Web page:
REVIEW: The Wolf’s Call (2019)

Chanteraide (François Civil) is a sonar specialist assigned to a French submarine. After a near-contact reveals an unidentified submarine of Russian design, he risks his career and criminal arrest in an attempt to properly identify the new vehicle. Meanwhile Russian aggression in Scandinavia risks all-out nuclear war with France – and Chanteraide’s mystery submarine appears to be involved.

The Wolf’s Call is a French military thriller written and directed by engineer-turned-diplomat-turned-screenwriter Antonin Baudry. It marks the directorial debut of the impressive multi-hyphenate, who has also written a two-volume graphic novel and is trained in cinematography. With that sort of background one expects something rich in both insight and intrigue. Sadly what is presented on screen feels unusually slight and badly structured. It is watchable, and certainly works as passable entertainment, but at the same time feels deeply disappointing. It is merely good, when it promises something more interesting.

Certainly the film is not lacking in quality performances. François Civil gives a nicely vulnerable turn as Chanteraide, nicknamed “Socks” by his fellow officers but struggling with clinical depression and an over-developed sense of curiosity. There is a satisfying level of detail put into his profession, listening to sonar and effectively acting as a submarine’s “eyes”. While the performance is good, the script does not support Civil well: more than a few of Chanteraide’s actions beggar belief, and chafe against the character quite badly.

In solid supporting roles are strong French actors including Omar Sy, Mathieu Kassovitz, and Reda Kateb. A lot of the film winds up involving panicky submarine crews shouting at one another, and all three men do a fantastic job of at least grounding scenes from their own end. Kateb is particularly strong as level-headed submarine captain Grandchamp. Despite women being allowed to serve on French submarines since 2017, Baudry keeps his vehicles entirely male here – as a result the only significant female character is Paula Beer as bookseller and love interest Diane. She has a bright sense of appeal, but feels a half-hearted addition to the film and relatively extraneous.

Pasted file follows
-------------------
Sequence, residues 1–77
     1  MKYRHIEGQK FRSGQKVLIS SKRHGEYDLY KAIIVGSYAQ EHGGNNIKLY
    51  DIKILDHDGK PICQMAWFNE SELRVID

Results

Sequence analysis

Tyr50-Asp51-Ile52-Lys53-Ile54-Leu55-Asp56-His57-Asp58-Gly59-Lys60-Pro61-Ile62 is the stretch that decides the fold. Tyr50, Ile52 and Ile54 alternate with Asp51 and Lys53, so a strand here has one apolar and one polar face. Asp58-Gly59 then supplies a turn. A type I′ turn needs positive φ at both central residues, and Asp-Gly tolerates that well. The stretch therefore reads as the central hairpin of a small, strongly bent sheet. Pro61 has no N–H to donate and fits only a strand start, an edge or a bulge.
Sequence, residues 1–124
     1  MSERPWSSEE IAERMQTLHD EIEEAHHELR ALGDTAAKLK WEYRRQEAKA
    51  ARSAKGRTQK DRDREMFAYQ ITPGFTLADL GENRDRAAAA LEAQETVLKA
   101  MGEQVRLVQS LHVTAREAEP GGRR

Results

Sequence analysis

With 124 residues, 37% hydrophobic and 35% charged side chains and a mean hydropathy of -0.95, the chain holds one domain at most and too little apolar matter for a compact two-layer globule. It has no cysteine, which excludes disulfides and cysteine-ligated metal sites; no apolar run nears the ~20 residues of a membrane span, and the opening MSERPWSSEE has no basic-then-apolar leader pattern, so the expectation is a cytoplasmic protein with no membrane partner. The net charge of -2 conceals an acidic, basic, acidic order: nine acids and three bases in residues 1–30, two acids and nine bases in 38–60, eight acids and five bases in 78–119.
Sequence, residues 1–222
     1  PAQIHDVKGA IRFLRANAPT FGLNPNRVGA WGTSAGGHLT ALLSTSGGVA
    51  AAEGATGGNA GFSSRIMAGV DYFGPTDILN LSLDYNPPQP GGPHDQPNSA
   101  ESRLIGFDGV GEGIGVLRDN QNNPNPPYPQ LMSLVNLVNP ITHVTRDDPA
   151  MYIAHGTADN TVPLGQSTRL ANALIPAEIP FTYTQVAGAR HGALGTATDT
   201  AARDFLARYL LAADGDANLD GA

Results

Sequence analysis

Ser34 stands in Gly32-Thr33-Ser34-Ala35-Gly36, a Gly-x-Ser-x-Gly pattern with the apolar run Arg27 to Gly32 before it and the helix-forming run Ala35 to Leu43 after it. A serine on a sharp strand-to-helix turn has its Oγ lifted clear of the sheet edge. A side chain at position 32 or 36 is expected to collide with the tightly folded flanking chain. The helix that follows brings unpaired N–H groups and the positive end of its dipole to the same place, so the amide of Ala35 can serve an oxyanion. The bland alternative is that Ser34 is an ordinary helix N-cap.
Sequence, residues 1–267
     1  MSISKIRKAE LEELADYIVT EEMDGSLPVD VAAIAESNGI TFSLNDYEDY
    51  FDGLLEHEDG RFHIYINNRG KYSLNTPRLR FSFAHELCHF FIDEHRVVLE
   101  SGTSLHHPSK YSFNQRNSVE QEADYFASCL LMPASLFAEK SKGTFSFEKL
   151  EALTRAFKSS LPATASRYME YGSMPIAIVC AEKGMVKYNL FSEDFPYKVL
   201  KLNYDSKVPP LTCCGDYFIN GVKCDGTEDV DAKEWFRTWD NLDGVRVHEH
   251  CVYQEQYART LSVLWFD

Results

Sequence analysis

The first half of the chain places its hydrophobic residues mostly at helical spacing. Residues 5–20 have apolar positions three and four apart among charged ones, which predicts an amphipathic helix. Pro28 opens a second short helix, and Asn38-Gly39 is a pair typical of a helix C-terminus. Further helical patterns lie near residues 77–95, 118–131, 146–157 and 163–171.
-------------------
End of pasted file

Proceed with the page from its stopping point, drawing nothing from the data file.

In the thick of things the film has its moments: the claustrophobia of submarines is well expressed, and features a strong use of both colour and sound. The latter is particularly important given the story focuses on Chanteraide’s gift for listening. Original moments come and go, but never quite come together. As noted earlier, the film feels badly structured. It takes a maddeningly long time to get to the main narrative, and once the story finally starts to rush along it is essentially already over.

To its credit, the film makes some unexpected story choices that give it a certain level of appeal, but too many characters make too many choices that do not ring true. There is a level of enjoyment to be had here, but by the end it is an oddly hollow experience. Fans of military thrillers will likely be satisfied, but in all honesty they deserve something a little better for their time and money.

The Wolf’s Call is available on Netflix in most territories, but Australian viewers looking for a proper big screen experience can see it at the Alliance Française French Film Festival from 10 March. Click here for more details.

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